Toral entrusted missions to two brothers Brusselas and de la Puebla, who were previously responsible for terrorizing the Hocaba-Homun province.

They were to accept formal written submissions from the natives they had previously questioned.

The statements were to be voluntary, they could not torture them. This was the main difference between Toral and Landa, who believed that psychological superiority and authority were enough to find out the truth. The brothers’ report was based on fifteen statements in which the natives admitted that about thirty-five children had died in the past ten years. Vivid images of the victims emerged from the testimonies. There was nothing in the statements about the burning of crosses or the crucifixion of the victim, but there were descriptions of the drastic methods that had taken place three years earlier, in which the heart of two children was cut out, a little girl tied to a stake and beaten in the chest with a barbed club until she died. Two sacrifices were made at the Sacred Cenote in Chichen Itza. Subsequent reports for which Magan was responsible described the natives mainly as idolaters, which he identified with the ineffective teaching of the Landa monks.

The method of the monks to convert the natives was not the conversion of an individual, but a collective process in which whole communities, by being baptized, practiced Catholic rituals and traditions.

But there were few Catholic settlers. And in the countryside, the natives who lived amongst each other quickly began to forget about the new religion.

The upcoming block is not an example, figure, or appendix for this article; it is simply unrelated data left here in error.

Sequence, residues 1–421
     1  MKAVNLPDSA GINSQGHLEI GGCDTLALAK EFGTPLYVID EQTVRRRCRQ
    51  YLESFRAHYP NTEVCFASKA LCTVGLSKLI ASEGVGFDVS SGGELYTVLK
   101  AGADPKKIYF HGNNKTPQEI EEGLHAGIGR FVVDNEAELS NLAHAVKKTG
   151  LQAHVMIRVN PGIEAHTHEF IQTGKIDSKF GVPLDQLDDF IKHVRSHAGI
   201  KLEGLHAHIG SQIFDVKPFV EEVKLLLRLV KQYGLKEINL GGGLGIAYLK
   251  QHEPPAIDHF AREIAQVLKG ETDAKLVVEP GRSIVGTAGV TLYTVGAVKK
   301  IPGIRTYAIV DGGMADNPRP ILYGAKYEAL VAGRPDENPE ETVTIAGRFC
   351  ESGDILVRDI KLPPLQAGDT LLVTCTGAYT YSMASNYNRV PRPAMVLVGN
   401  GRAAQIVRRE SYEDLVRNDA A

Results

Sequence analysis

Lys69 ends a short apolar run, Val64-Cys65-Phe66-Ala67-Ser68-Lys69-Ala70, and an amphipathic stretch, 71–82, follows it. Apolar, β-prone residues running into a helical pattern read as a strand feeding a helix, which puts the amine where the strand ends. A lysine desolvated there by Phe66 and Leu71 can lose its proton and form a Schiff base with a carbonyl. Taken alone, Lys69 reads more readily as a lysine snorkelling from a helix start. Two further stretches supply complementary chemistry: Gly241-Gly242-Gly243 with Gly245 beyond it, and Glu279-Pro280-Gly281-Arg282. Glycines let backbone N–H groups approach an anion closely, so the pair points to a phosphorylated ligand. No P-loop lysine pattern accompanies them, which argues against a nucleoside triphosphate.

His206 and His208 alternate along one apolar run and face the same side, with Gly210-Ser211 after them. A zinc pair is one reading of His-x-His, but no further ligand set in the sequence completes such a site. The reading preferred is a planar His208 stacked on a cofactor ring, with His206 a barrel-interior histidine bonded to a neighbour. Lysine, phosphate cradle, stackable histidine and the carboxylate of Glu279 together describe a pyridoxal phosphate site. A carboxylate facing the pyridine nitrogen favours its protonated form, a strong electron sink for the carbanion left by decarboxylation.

The response of the Landa monks to the return to idolatry was to commit crimes in the name of the Christian faith, these crimes later becoming more expressive than the crimes of the Maya. Most of the settlers did not witness human sacrifice, and idolatry did not play a primary role for them, as it did for religion.

The Encomenderos wanted the peaceful and prosperous workforce that Landa locked up in prisons. Landa, who had previously defeated the Encomendero Hernandez, now faced many influential and important settlers who supported Toral.

The Franciscan Fray Lorenzo de Bienvenida, the Order’s General Commissioner, supported Toral and condemned the actions of the monks in the Yucatan. Toral began handing down his final verdicts on the Native Americans still held in custody. He imposed a slight penance on the indigenous chiefs for their professed idolatry and sent them back to their villages.

Toral had most of the assets to bring down Landa.

The Others Council, which administered the colonies in the new world, was interested in the Länder case, and Toral took advantage of it. After the obvious allegations of torture and disruption of life in the colonies, he raised questions and presumptions about the character of Landa. Why was he in conflict with all authorities, religious and secular? Did he make his present-day fame by craftsmanship by manipulating the brethren of the Order and driving out of the provinces those old and learned men who might oppose him? Had he recruited ignorant young people into the Order, and had these ignorant young people then been given extensive power over both Spaniards?

Nine leading influential settlers supported the questions Toral posed about Landa.

Landa continued to fight. Unable to win in Yucatan, he decided to fight in Spain, which was to be more favorable to him than the ‘ungrateful colony’

The Yucatan – the land from which colonization was delayed, the land where great riches did not exist for the conquistadors – became a training ground for the fight for one of the most valuable treasures, souls. Divisions and conflicts in the province kept accumulating. Bishop Toral was welcomed in 1562 by natives and settlers as the deliverer of the province against the tyranny of Landa in 1566

The bishop was accused of abuse of power, lack of separation of spiritual and secular authority, financing of the church, and supremacy over the natives.